Should have listened to the guy dressed in red.  I went back told him to forget the water he was fishing and head to the next big bend and fish it informing him what the anglers told me.  As he started to make his way there I started to fish his hole and in a few moments I was on only to come loose after a brief fight.  Chul started his way back to me and said he'd just finish fishing this whole.  I yelled back "FUCK NO!  Go fish that premium water!"
He managed a fish or two to rise but couldn't get any fish to stick and with blood pressure spiking at dangerous levels I told him to take a break and have a snack and relax.  Take ten minutes and get focused.  We did and after calming himself he began fishing again.  I'd move down thirty yards and start fishing behind him. 
I managed to get a couple fish to rise but my luck was gone now and couldn't get any to hooked on.  It took him all the way to the end of this long bend to finally get his first Yellowstone cutthroat.  As we were trying to get him his "hero" shot he fumbled the fish and lost it.  LOL.  What an asshole.  All this effort and no glory pic.  All I could do was laugh at him like any good fishing partner would have done. 
I moved upstream and fished some water until I broke off and was too lazy to rerig.  It was getting late and we still had over six miles to make it back to the truck.  We did not want to be hiking out in the dark in grizzly country.  I went back to Chul and we disassembled our rods to ensure we didn't waste any more daylight on fishing despite the fact the fish were now actively feeding on the surface.  If only we fished another hour...But that wouldn't have been wise.
After hydrating as much as we could we started our hike out.  On the way back we passed through the campsite and a buffalo was roaming around awfully close to their tent.  As much as I was thinking how great it would have been to have a backcountry permit to camp out there so we could have fished more in the back of my mind I was glad we didn't. It's an uncomfortable feeling camping out in the remote sticks with animals that could do some real damage.  Also being only armed with bear spray is not comforting either.   The bear track I found on the riverbank was only a far too vivid reminder of that fact.  As we made our way back we'd encounter a bison path-hogging moving toward us on the trail.  We gave him the right-of-way and we quickly moved off trail and made a roundabout way through the tall grass meadow to bypass him.   For the last 45 minutes of the hike we'd be doing it in the dark.  It's a pretty uneasy feeling I must say.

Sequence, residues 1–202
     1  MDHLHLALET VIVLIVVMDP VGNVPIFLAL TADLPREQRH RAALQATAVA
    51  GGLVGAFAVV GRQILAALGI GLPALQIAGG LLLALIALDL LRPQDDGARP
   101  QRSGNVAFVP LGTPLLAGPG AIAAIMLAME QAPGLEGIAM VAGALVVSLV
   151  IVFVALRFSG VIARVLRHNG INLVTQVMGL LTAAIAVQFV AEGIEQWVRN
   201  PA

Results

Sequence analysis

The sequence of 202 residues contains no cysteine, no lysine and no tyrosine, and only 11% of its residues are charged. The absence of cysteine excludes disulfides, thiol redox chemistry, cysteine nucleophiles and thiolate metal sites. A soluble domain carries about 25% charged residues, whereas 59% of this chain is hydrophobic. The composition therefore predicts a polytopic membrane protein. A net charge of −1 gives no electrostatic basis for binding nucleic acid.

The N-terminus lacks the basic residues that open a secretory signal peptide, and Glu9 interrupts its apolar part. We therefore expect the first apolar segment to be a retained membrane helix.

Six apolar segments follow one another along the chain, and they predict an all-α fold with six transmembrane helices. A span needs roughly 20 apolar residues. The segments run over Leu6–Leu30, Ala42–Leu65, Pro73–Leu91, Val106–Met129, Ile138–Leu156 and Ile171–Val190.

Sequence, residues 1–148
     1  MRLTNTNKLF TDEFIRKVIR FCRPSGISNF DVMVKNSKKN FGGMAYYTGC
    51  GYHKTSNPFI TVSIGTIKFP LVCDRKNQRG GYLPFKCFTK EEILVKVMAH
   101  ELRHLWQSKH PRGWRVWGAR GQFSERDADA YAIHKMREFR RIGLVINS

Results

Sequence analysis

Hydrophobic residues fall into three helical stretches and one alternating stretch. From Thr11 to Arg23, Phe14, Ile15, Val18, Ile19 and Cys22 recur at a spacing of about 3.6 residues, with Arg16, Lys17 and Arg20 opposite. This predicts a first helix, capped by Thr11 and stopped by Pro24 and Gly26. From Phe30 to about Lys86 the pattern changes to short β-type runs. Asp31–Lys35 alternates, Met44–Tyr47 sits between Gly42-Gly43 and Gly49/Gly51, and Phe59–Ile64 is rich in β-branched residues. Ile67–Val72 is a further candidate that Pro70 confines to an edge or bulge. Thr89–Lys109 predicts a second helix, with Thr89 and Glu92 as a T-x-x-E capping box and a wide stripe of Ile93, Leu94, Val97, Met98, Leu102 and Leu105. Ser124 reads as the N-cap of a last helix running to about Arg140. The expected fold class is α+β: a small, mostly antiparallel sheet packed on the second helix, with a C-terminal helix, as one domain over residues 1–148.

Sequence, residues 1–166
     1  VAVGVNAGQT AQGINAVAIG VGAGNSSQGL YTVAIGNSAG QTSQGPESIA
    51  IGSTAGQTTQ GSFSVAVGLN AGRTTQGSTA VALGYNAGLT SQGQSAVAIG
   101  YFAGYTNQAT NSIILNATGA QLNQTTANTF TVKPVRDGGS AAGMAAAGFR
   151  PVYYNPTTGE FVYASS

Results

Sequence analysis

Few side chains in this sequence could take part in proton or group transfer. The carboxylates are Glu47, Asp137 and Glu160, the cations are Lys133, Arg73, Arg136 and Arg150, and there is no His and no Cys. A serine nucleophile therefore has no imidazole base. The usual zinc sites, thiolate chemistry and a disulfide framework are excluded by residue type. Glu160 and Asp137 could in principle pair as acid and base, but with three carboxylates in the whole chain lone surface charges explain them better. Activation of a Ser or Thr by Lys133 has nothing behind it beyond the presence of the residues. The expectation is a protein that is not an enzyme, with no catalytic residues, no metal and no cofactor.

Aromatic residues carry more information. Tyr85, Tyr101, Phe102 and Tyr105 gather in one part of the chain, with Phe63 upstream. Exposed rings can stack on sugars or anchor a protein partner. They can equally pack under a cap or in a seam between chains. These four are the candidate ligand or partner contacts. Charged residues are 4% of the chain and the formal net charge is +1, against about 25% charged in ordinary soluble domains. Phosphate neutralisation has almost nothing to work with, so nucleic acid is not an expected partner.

In the pitch darkness we'd make it to the truck eventually but that wasn't the end of our problems.  We had no place to camp and all the sites in the park were full.  We'd have to drive out of the Yellowstone to find a place. This would be add an additional hour to our night.  Eventually after exiting via the Northeast entrance we made our way past Cooke City to finally find a campsite.  Passing several that were filled to capacity.  Eventually we found one.  The last spot in this particular site too.  I'd have to sleep in the cabin of the truck as no soft sided camping was allowed in bear country.  Chul had converted the bed of his Tundra into a sleeping area for the trip so he was fine.  I slept in the passenger seat reclining it as much as I could.  Fortunately the cab of the Tundra is quite spacious so it was equivalent to sleeping in a business class airline seat.   It would do for the night.
I was given the keys to the truck and exhausted I forwent dinner and went to bed after placing all the required scented articles into the bear box.  The campsite wasn't large perhaps 15-20 spots max and I was the asshole who inadvertently woke everyone up TWICE in the middle of the night by tripping the car alarm.  I'm sure I was the most loved person in that night.  We woke early and left immediately after retrieving our items in the bear box.  I didn't want anyone mad-dogging me for waking them up.  Twice. In the middle of the night.   What an asshole.
In town we had breakfast before heading back into the Park for some sightseeing on our way to Montana.  We'd fish the Firehole along the way but with only dinks on dries it isn't much to keep us to stay any longer.  Fish were plentiful but hardly worth our time.  After a little over an hour we decided to head out toward the Lower Madison.

Next: Montana Lower Madison.